The opening statements in the Senate impeachment trial of President Donald Trump are set to begin Wednesday following a marathon session Tuesday in which trial rules were finalized and Democrats’ efforts to introduce new documents and witnesses were shot down, at least for now.
Wednesday’s proceedings started at noon.
Both the House managers, serving as the prosecution, and Trump’s defense team will have 24 hours over three days each to present their opening statements. Senate Majority Leader Mitch McConnell initially proposed giving each side two days each but made a change after pushback from moderate Republicans.
Assuming both sides take all of their allotted time, the opening statements will last through next Tuesday. The trial is in session six days a week, taking Sundays off.
The opening arguments come after a 13-hour marathon Tuesday in which nearly a dozen amendments were introduced, mainly about allowing witnesses like former national security adviser John Bolton and Acting White House Chief of Staff Mick Mulvaney and subpoenaing documents related to Ukraine.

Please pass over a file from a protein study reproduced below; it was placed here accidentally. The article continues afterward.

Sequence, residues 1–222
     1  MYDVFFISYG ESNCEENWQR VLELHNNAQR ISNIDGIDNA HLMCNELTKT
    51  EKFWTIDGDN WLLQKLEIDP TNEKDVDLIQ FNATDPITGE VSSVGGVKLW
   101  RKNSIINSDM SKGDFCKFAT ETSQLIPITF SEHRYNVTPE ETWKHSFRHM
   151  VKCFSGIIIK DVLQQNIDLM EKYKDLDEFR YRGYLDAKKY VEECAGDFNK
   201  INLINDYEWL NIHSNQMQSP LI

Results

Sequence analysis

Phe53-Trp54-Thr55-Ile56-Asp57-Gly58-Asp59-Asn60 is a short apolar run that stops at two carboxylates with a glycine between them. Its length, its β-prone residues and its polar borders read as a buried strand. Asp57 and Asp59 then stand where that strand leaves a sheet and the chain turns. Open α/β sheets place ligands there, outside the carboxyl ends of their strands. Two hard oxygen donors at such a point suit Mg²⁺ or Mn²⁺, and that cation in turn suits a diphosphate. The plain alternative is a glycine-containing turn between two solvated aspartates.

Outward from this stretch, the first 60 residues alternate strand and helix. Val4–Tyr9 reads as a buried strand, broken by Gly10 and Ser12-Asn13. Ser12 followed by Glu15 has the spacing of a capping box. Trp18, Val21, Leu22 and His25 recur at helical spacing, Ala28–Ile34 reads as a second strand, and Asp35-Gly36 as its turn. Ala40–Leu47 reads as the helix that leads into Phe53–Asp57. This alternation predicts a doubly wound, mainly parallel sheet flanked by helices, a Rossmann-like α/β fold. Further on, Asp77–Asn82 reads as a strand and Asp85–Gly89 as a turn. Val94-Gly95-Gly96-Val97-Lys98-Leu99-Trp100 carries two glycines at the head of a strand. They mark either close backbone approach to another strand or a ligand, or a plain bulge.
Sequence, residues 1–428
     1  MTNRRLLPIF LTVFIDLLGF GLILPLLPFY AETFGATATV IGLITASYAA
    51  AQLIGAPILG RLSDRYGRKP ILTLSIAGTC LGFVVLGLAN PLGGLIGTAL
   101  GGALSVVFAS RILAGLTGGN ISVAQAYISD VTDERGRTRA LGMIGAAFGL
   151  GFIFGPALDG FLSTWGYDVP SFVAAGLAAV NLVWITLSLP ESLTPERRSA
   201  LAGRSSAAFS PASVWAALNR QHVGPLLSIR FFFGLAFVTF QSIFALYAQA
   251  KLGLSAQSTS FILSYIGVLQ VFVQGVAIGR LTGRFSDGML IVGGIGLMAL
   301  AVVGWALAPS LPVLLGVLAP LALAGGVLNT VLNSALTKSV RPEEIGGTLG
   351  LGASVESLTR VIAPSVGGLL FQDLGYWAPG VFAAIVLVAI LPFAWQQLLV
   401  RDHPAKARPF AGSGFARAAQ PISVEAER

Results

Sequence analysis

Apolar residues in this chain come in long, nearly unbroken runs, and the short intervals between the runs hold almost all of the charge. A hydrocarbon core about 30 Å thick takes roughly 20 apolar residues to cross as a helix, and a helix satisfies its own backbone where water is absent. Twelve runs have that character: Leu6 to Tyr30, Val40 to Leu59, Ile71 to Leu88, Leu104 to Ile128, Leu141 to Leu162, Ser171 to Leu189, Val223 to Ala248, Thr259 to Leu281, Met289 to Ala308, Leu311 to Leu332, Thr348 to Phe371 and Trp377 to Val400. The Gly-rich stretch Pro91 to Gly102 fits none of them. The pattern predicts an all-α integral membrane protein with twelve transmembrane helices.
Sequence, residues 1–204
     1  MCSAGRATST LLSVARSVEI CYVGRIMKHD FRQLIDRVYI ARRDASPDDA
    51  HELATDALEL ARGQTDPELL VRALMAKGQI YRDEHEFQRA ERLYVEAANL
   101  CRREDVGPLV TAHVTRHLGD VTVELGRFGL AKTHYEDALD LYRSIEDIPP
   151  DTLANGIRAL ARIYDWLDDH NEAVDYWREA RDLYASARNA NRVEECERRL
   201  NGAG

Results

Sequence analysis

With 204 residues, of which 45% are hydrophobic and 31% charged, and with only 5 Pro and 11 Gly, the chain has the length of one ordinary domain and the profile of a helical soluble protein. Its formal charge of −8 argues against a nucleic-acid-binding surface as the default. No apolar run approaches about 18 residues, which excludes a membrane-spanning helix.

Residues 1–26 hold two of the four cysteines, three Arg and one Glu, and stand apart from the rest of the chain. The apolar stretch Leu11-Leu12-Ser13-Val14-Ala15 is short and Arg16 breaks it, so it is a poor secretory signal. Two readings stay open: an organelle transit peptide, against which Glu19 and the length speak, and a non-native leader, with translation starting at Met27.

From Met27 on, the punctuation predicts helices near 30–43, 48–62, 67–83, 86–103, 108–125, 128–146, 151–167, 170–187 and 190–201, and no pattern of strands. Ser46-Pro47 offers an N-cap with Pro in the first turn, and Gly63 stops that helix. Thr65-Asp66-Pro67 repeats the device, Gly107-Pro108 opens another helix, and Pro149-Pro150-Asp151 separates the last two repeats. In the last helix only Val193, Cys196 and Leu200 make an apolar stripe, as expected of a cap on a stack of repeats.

Almost all the Democratic amendments were shot down along party lines, 53-47. But, they could be revisited later.
The one outlier was a 52-48 vote against ensuring that there would be a vote later on additional witnesses. The one Republican to cross party lines there was Sen. Susan Collins of Maine, who has voiced she is open to hearing witnesses. Collins, who is facing a tough re-election campaign in November, is one of four Republicans seen as possibly crossing party lines on witnesses in the future.
After opening arguments, the rules allow for each side to get 16 hours of questions from senators, who are the jurors. After that, senators will then decide if they will accept more evidence or witnesses.
If no new evidence or witnesses are added, there is a chance the trial could end before Trump’s State of the Union, set for Feb. 4.
Speaking at the World Economic Forum in Davos, Switzerland, Trump repeated his frequent talking points by calling the trial a “hoax” and a “witch hunt” while touting the economic successes of his administration.